Safety is the cornerstone of Finavia's corporate responsibility. The Sum of Good Things series highlights details of Finavia's responsibility work. This article explores runway winter maintenance.
Objective: summer conditions all year round
The runway conditions are crucial for safety: aircraft speed at touchdown is 200–300 kilometers per hour, and under all situations and weather conditions, aircraft need to be able to maintain directional stability during braking.
Runway safety is close to the heart for maintenance staff at Finavia’s airports. Around the year, the aim is to keep the runways in a condition equivalent to those in summer. Successful winter maintenance requires a load of snowhow, which is sustained at Finavia even in the warmer months.
“I often say that for us at runway maintenance, winter lasts 12 months,” grins Heikki Heinijoki, Head of Airport Engineering at Finavia.
According to Heinijoki, what helps in developing snowhow is analysis of the winter past and planning of the winter ahead: right after the winter season, Heinijoki’s team looks at how they can improve their operations in the future, and before the following winter season, the staff will undergo training to maintain and develop their expertise.
Friction is one aspect of safety
Maintaining summer conditions on the runway throughout the freezing and snowy Finnish winter is no picnic.
“We mainly remove snow and ice by mechanical means such as ploughing and sweeping. In order to prevent slipperiness, we sometimes resort to anti-skid agents which keep the runway surface from freezing. We use machinery, working methods and materials designed specifically for airport use. Moreover, maintenance is authorised and required to shut down runways for maintenance when necessary,” Heinijoki says.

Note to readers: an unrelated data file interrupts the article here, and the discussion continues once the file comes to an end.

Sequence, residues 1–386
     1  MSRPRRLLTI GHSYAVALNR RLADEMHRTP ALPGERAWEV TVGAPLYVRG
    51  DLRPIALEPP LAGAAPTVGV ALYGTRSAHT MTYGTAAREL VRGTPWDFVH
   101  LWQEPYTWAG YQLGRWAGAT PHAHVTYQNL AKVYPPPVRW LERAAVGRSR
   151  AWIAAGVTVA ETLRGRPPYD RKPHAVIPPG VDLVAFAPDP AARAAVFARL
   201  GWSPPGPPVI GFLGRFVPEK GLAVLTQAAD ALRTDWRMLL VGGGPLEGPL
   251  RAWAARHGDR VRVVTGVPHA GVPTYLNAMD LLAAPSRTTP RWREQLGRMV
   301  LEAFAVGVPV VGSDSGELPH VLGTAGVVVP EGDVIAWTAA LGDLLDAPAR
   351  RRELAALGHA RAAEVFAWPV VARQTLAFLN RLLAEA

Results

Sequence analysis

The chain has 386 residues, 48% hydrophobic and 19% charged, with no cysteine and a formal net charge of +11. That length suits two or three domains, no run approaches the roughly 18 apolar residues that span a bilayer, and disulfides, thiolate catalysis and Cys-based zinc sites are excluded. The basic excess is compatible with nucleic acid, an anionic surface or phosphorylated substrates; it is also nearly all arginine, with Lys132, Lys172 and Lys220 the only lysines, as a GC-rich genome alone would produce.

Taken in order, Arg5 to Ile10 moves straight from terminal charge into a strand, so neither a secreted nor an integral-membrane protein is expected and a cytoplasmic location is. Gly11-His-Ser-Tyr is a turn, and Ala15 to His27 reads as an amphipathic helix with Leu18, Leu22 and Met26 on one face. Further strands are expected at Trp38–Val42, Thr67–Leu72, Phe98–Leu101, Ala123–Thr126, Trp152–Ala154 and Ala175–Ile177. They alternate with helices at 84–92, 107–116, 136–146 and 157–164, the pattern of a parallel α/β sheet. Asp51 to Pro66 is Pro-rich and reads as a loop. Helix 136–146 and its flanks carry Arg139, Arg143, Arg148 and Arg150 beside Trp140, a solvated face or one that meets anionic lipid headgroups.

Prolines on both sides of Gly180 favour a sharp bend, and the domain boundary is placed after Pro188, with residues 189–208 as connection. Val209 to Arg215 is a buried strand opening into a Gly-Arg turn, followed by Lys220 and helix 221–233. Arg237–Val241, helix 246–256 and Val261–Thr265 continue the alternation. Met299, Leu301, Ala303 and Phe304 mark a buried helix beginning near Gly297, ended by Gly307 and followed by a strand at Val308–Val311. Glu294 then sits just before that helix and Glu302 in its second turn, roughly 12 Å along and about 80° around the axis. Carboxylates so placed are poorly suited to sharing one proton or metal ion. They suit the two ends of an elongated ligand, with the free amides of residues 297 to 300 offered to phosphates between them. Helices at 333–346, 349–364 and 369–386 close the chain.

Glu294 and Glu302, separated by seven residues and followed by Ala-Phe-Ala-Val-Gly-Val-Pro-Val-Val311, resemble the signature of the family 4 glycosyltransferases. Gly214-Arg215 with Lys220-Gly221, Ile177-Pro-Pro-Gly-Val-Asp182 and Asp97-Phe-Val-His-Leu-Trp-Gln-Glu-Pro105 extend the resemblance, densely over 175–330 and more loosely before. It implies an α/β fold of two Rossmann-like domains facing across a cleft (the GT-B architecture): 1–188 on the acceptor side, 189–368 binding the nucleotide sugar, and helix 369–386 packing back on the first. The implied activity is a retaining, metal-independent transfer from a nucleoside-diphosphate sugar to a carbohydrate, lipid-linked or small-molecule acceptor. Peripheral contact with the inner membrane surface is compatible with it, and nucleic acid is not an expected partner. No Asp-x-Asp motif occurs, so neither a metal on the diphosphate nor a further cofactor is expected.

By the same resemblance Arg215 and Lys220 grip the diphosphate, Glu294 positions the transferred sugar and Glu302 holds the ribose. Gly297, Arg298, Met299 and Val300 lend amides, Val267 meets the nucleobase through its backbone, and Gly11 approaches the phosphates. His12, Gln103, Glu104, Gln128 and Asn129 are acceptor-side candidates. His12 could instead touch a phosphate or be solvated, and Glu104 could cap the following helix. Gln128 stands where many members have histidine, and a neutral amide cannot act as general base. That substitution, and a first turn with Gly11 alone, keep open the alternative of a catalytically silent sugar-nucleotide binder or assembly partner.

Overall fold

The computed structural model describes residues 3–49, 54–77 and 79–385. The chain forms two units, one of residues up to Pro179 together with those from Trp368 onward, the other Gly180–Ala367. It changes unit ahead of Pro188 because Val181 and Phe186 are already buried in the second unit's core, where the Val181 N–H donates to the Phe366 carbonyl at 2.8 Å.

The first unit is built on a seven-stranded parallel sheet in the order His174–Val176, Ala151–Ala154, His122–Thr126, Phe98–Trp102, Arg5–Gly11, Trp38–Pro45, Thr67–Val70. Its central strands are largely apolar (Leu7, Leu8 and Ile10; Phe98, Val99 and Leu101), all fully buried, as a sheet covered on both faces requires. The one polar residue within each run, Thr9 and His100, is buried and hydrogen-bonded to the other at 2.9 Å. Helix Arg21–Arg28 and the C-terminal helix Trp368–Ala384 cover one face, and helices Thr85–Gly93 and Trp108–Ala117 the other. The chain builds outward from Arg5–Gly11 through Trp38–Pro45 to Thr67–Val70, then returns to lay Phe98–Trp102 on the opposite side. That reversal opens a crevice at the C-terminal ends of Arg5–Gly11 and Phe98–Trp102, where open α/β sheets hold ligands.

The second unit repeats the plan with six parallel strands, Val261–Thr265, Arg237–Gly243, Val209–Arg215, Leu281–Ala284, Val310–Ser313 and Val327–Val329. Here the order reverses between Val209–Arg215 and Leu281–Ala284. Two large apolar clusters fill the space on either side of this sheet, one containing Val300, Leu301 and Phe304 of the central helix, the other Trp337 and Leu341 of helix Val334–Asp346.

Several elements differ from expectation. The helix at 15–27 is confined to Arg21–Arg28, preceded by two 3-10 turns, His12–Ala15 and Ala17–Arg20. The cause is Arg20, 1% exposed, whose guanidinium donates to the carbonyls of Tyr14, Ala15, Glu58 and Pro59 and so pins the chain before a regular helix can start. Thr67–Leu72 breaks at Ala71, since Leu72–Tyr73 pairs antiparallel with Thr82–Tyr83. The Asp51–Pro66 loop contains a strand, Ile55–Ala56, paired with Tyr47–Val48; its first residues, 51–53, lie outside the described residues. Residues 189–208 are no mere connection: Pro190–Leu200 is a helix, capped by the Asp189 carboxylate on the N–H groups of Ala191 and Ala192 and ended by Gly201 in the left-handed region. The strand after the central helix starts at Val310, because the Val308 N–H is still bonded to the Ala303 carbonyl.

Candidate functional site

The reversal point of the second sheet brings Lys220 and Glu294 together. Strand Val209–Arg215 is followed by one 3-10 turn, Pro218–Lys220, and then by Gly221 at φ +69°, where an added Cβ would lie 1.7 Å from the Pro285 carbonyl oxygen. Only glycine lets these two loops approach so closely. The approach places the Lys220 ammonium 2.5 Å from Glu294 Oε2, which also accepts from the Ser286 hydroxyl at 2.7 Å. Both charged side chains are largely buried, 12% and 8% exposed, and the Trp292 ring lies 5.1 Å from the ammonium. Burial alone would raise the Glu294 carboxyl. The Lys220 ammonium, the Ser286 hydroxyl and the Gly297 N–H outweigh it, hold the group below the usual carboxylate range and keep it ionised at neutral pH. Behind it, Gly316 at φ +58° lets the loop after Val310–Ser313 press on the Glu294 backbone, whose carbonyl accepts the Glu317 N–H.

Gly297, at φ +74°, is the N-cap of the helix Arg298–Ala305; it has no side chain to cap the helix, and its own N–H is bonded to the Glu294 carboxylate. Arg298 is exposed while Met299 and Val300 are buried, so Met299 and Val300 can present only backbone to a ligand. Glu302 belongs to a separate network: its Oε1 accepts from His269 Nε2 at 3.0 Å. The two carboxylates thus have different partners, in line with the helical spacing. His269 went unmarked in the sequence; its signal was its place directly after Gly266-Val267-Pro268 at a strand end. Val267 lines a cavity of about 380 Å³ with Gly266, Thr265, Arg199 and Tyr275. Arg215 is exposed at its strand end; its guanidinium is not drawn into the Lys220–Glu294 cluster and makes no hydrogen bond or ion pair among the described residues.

“In addition to our own observations, we closely follow weather forecasts and the systems that monitor conditions on the runway surface. All of this is taken into account when planning our runway operations. The conditions, and changes in the conditions, are reported to aircraft crew.”
Friction is an essential variable, but a staggering amount of other information is also reported. Examples include instances of snow and ice in different forms.
“Each crew then make calculations and decisions based on this information,” Heinijoki says.
Only qualified personnel can measure friction
Heinijoki notes that the task of inspecting runways is very demanding. Therefore, runway conditions are only examined by qualified, specially trained runway inspectors. There are more than 200 runway inspectors working for Finavia.
“The runway is inspected and friction is measured at least every six hours when the runway is open, and remeasured whenever a new work shift starts or when weather conditions change. Usually, runways are inspected in conjunction to maintenance, which can make the work quite hectic especially during snowfall,” says Heinijoki.
“In practice, the runway inspection begins when air traffic control gives the inspector permission to enter the runway. The inspector drives a special inspection vehicle from one end of the runway to the other, towing a measuring device. The friction is measured at a speed of 65 kilometres per hour. Changes in the level of friction are drawn on a tablet screen. Additionally, the inspector examines the runway conditions visually or with optical measuring devices,” describes Heinijoki.
“Key results are reported immediately to air traffic control via radio and then logged in to a reporting system. The system then automatically forwards the data to other systems that aircraft crews have access to,” Heinijoki concludes.